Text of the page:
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Bolland-McClement-Kulemin: Leafs third line?

The contents of this page have not been reviewed or endorsed by the Toronto Maple Leafs. All opinions expressed by Mike Ulmer are solely his own and do not reflect the opinions of the Toronto Maple Leafs or its Hockey Operations staff, parent company, partners, or sponsors. His sources are not known to the Maple Leafs and he has no special access to information beyond the access and privileges that go along with being an NHL accredited member of the media.
Dave Bolland's offence, neatly illustrated by his Stanley Cup-winning goal against Boston, could give the Leafs third line some scoring juice

Dave Bolland’s offence, neatly illustrated by his Stanley Cup-winning goal against Boston, could give the Leafs third line some scoring juice

There are two things  you can anticipate with Randy Carlyle.

First, he will devise countless lineups and combinations. “Last year was my first with Randy and he played me all over the place,” is the way forward Jay McClement put it.

Second, his teams will have a strong third line.

Carlyle’s 2006-2007 Stanley Cup-winning Anaheim team thrived with a checking line that consisted of Sammy Pahlsson, Rob Niedermayer and Travis Moen.

Once the home of players who allocated 90 per cent of their on-ice effort to defence, the ideal third line is built not just to shut down the opposition’s top unit but to stagger it with the odd counterpunch.

“When you have a little bit of offence, it makes a big difference” says Leafs Vice President of Hockey Operations Dave Poulin, a Selke Trophy winner for the Philadelphia Flyers in 1986-1987.

“When I look at the numbers I put up as a Selke Trophy winner (25 goals and 70 points), I did so because I was playing against guys who weren’t great defensively. If you can put them on their heels a bit, that’s huge.”

All of which brings us nicely do David Bolland.

Bolland, acquired from Chicago in June for three draft picks, has averaged 17 goals and 41 points per 82 NHL games. While he can be moved up to the second unit on occasion, it’s his standing as an offensive threat on the third unit that bears watching.

“His role with the hockey club with Chicago this year was more in a third-line role but he was the second-line centre when they won a few years previous,” said Leafs Carlyle. “We think he’s good player who can fit into our group and provide us with a level of compete and play that matches his resume.”

Dave Bolland may keep the best company in the NHL. Every time he looked up, he saw an All-Star.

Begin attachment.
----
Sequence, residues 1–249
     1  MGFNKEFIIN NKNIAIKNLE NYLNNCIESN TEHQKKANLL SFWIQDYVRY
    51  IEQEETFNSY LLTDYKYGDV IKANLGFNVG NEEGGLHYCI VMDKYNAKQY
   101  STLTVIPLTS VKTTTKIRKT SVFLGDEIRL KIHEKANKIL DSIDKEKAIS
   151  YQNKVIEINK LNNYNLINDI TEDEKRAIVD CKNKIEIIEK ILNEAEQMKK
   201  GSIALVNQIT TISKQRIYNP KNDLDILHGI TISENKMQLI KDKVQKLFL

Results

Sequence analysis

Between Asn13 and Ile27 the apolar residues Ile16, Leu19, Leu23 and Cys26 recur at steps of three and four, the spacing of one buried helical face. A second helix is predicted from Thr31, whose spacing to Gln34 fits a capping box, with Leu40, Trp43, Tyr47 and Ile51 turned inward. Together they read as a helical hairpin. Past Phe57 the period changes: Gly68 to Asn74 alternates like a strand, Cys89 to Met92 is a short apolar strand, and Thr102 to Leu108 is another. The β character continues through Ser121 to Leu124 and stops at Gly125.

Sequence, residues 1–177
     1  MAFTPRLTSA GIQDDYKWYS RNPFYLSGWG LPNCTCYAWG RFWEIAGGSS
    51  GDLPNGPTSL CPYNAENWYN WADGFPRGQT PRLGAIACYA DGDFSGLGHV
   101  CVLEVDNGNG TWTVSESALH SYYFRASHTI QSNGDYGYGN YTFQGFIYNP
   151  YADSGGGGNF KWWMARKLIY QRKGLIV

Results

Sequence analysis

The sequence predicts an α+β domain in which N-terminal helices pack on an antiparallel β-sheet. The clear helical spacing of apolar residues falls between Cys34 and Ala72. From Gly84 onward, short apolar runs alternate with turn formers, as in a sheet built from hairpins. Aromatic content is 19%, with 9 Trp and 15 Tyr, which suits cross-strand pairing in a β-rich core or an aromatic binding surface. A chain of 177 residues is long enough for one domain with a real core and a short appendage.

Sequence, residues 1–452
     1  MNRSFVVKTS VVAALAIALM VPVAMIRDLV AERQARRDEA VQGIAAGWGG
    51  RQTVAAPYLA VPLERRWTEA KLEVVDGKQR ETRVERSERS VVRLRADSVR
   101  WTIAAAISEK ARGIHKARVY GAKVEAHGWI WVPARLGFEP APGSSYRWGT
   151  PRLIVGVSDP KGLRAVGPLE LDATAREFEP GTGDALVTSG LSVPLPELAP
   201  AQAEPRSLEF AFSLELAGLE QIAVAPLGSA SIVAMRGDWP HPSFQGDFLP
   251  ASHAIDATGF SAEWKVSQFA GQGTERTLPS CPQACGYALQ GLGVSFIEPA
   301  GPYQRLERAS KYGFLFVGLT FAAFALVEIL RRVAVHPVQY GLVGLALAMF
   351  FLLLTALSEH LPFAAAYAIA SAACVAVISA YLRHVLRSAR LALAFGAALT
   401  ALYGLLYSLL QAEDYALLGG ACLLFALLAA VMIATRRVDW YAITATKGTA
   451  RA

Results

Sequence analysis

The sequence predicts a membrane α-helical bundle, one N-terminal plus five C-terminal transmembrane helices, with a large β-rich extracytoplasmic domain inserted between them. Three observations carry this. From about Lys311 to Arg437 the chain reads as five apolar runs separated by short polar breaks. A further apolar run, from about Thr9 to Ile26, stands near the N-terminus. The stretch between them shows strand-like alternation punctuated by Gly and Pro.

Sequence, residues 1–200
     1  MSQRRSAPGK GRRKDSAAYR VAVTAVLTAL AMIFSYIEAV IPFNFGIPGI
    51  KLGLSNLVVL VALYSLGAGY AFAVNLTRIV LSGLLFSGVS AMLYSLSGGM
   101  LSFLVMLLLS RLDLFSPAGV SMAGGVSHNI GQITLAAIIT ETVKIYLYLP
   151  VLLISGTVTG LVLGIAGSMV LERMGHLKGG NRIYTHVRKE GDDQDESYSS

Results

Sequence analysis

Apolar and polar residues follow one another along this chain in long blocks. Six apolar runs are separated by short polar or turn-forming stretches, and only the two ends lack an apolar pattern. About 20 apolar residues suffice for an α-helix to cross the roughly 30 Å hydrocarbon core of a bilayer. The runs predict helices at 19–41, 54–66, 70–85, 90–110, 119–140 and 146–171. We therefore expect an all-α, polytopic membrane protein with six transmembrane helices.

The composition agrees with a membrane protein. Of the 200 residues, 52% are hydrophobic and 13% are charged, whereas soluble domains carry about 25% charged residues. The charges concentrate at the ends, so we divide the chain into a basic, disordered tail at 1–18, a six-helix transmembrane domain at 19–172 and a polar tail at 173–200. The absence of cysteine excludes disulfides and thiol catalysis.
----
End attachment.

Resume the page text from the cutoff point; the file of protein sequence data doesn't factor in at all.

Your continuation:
“When I was in Chicago it was the Sedin twins,” he said. “San Jose it was Joe Thornton. It’s always fun, it gets you in the game. If you come out light they’re the best players in the league and they’ll take it to you.”

A combination that seems destined to tickle Carlyle, perhaps as soon as the Leafs hit the ice for their first workouts on Thursday? How about Bolland between McClement and Nikolai Kulemin?

McClement is an excellent defensive player who, unlike Bolland is strong in the face-off circle.

Kulemin, meanwhile, is the best puck retriever on the roster and a tireless skater.

Kulemin’s offence evaporated after a 30-goal 2011-2012 but that level of offensive production belies talent that can produce more than his successive seven-goal seasons.

Poulin, for one, looks forward to the machinations and sees merit in the idea of putting the trio together.

“Those three guys aren’t just intelligent players, they’re difficult guys to play against and that’s a great quality in a third line,” he said.  “A good third line lets you be in control at any point of the game because you could put a line like that out against anybody: be it the first, second or third line.”

 

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About Mike Ulmer

Mike Ulmer has written 210 post in this blog.

The contents of this page have not been reviewed or endorsed by the Toronto Maple Leafs. All opinions expressed by Mike Ulmer are solely his own and do not reflect the opinions of the Toronto Maple Leafs or its Hockey Operations staff, parent company, partners, or sponsors. His sources are not known to the Maple Leafs and he has no special access to information beyond the access and privileges that go along with being an NHL accredited member of the media.



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